David R. Bunch
David Roosevelt Bunch (August 7, 1925 – May 29, 2000) was an American writer of short stories and poetry. He worked mainly in the genres of science fiction, satire, surrealism, and literary fiction. Although prolific and critically acclaimed, Bunch remained obscure throughout his career. He is mainly known for a series of violent, bleak stories set in the cyborg dystopia of Moderan, which collectively form a satire on humanity’s obsession with violence and control.
Bunch was born on August 7, 1925 on a farm outside Lowry City, Missouri. He graduated from Central Missouri State University with a Bachelor of Science degree, then received a master's degree in English from Washington University in St. Louis. He pursued a Ph.D in English Literature at Washington University and the State University of Iowa, but rather than completing his doctoral dissertation, he shifted to creative writing and studied for two years at the Iowa Writers' Workshop before dropping out.
Bunch worked extensively on farms in the Midwest, taking low-level jobs in diverse industries. He later worked as a cartographer and map-chart editor for the Defense Mapping Agency in St. Louis until he retired in 1973 to pursue full-time freelance writing. He died of a heart attack on May 29, 2000.
According to his long-time proponent Judith Merril, Bunch published over 200 stories and poems prior to his first professional sale, a short story called "Routine Emergency" in the December 1957 edition of If.
He published at least 100 stories in science fiction magazines between 1957 and 1997, and nearly as many in literary magazines. No comprehensive David R. Bunch bibliography is known to exist; Bunch published almost exclusively in little magazines, digest-sized fiction magazines and fanzines, making a complete tally difficult (as the latter, particularly, are poorly indexed, and few indexes cover both the full range of little magazines and their more-commercial peers).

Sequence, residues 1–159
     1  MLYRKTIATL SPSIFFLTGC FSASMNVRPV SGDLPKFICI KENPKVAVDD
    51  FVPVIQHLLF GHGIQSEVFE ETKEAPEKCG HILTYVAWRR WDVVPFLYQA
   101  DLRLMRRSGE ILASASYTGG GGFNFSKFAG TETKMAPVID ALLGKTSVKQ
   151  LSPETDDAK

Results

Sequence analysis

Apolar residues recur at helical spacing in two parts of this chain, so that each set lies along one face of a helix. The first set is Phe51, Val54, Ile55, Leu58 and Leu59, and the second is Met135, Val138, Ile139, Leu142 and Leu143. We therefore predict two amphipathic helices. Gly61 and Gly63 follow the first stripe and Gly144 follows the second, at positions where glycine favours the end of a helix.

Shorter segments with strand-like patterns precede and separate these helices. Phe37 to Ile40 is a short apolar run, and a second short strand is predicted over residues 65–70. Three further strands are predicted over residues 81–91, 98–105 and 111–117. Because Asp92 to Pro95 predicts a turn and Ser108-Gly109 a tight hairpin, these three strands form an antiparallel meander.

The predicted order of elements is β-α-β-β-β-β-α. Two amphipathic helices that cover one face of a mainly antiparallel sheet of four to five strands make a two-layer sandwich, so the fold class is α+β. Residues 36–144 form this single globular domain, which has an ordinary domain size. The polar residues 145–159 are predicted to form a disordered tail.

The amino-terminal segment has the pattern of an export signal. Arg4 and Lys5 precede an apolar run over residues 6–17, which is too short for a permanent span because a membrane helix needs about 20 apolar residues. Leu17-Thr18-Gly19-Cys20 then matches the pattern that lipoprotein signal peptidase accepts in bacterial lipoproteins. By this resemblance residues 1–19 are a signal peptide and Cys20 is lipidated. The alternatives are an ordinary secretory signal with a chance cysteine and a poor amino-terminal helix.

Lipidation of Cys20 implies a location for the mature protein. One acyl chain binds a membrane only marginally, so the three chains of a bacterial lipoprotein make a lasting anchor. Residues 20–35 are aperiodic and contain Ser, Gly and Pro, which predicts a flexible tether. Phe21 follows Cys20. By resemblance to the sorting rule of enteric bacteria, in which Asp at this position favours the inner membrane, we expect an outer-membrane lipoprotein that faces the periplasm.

Much of Bunch's recognition comes from his inclusion in Harlan Ellison's defining New Wave anthology Dangerous Visions. Of the 32 writers selected, Bunch was the only one to have two stories included: "Incident in Moderan" and "The Escaping".
His second collection of stories, Bunch!, was nominated for the Philip K. Dick Award in 1993.
The Moderan sequenceEdit
Throughout his career, Bunch worked on a group of satirical far-future SF stories set in Moderan, a version of Earth paved over entirely with gray plastic and controlled by perpetually warring cyborg fortresses. Although the society of Moderan seems to project an appearance of personal valor and military perfection, its citizens are ultimately powerless, dominated by their own petty insecurities and hubris.
Forty-six of the Moderan stories were collected in Moderan (1971), linked by a complex frame-story. The collection was not reprinted until 2018 and became a collector's item. Despite its relative rarity, it is sometimes suggested as a major work of New Wave science fiction  and could have influenced cyberpunk.
Bunch continued to write and publish Moderan stories throughout his career. He had longed to see a complete collection of the Moderan sequence published.  In 2018, New York Review Books Classics published an updated Moderan collection, including stories not found in the original edition.
- Moderan, New York, Avon Books, 1971.
- Bunch!, Cambridge, Broken Mirrors Press, 1993. ISBN 1-880910-00-4
- Bunch, David R., The Heartacher and the Warehouseman, "About the Author". Anamnesis Press (2000).
- Recent Obituaries of Science Fiction Writers: http://stason.org/TULARC/education-books/sci-fi-sf-written/21-Recent-Obituaries-SF-writers.html
- Bunch, David R., dedication to "Bunch!". Broken Mirrors Press (1993).
- Unjustly Neglected: David R. Bunch: http://mumpsimus.blogspot.com/2004/02/unjustly-neglected-david-r-bunch.html
- Brooks Landon, "Science Fiction After 1900: From the Steam Man to the Stars". Routledge (1995).
- Aldiss, Brian, "Trillion Year Spree". House of Stratus, 2001.
- Email correspondence with Bunch's daughter Phyllis.